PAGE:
THE RIGHT TO SELF-DETERMINATION: CAN IT LAPSE?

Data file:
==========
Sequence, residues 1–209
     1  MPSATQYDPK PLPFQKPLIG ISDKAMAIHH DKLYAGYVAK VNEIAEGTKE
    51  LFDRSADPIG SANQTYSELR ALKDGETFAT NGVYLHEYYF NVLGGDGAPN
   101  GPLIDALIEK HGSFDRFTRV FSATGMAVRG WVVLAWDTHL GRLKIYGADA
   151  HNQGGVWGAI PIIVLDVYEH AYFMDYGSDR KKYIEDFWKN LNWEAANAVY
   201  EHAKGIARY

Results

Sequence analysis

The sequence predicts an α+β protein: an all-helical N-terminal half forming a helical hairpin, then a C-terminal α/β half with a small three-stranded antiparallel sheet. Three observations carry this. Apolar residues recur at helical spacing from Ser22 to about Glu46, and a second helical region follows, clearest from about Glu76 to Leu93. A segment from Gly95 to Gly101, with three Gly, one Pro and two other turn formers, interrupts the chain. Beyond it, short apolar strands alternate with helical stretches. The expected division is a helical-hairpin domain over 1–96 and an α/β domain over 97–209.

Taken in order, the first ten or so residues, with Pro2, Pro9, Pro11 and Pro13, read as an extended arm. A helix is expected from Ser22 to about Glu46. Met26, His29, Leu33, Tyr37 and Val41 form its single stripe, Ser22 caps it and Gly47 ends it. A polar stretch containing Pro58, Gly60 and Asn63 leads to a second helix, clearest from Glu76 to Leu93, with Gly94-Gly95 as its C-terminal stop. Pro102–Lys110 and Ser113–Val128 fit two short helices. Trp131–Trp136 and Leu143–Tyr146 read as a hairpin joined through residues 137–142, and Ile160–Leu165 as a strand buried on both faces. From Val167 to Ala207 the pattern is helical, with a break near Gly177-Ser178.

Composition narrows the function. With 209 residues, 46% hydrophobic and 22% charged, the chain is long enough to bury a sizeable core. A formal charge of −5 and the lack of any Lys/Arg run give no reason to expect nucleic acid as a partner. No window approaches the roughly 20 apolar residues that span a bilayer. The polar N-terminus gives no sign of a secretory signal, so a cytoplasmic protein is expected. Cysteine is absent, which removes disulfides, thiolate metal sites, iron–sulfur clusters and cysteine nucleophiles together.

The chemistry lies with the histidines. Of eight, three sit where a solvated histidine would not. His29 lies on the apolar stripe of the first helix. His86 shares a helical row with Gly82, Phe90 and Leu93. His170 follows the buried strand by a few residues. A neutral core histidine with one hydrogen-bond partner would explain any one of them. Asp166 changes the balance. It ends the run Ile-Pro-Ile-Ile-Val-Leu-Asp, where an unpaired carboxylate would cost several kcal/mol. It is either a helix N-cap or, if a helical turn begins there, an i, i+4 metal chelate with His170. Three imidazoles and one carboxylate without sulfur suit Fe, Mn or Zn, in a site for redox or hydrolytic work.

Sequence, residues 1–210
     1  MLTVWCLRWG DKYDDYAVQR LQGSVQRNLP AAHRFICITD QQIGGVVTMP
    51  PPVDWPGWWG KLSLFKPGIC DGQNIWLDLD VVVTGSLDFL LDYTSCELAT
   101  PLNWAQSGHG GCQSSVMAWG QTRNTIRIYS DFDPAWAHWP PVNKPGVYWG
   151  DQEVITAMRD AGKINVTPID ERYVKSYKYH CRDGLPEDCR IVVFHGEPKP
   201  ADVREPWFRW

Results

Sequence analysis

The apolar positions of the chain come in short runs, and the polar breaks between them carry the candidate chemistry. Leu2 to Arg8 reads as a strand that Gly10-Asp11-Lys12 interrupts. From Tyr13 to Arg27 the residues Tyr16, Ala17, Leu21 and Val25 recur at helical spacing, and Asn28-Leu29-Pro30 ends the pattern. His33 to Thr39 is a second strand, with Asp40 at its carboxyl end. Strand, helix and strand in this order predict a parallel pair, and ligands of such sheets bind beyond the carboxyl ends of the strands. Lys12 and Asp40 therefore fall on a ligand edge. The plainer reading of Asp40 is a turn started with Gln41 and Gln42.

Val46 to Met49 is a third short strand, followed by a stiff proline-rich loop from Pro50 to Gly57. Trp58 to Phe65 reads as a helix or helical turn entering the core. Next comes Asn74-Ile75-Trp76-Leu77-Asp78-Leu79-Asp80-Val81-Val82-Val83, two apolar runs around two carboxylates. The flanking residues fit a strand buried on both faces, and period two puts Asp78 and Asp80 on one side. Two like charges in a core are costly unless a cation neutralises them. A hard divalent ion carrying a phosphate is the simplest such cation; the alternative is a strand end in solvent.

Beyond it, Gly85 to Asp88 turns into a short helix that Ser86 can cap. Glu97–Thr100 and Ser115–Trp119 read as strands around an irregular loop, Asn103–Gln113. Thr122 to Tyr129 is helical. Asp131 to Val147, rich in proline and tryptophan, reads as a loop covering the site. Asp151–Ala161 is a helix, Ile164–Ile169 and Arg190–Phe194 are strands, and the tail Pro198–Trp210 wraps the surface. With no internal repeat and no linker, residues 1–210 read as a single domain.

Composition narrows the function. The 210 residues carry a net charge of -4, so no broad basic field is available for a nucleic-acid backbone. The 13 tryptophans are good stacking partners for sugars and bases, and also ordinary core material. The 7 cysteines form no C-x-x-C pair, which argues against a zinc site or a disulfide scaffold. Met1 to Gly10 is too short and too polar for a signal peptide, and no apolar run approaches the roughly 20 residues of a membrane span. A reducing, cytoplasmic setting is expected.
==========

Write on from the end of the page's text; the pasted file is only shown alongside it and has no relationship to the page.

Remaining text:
Some States raised an interesting point during the pleadings for the recent Kosovo Advisory Opinion: that the Kosovar Albanians were not currently victims of foreign subjugation or human rights abuses. The Kosovars suffered serious human rights abuses during the 1990s and the argument that these abuses must be current before an entitlement to the ‘remedial’ right to self-determination arises implies that this right may ‘lapse’. Only His Excellency Judge Trindade considered the matter this significant issue in his Separate Opinion where he rejected it unequivocally. No doubt, many would agree with His Excellency, but there is some merit to the above proposition. Namely that if gross human rights abuses (including acts of genocide, ethnic cleansing) form the foundation of the remedial right, a pre-condition so to speak then can the right exist at all if the ‘foundation’ is removed? Secondly, there may be important pragmatic reasons for conceding this argument, and it may actually benefit the international community, and more importantly the claimants. If it is accepted that the ‘remedial’ right to self-determination can lapse then many questions must be answered, the least of which are ‘why’ and ‘how’. It is the purpose of this paper to consider these questions as well as the implications for potential protagonists, the international community, as well as the continued evolution of the norm of self-determination.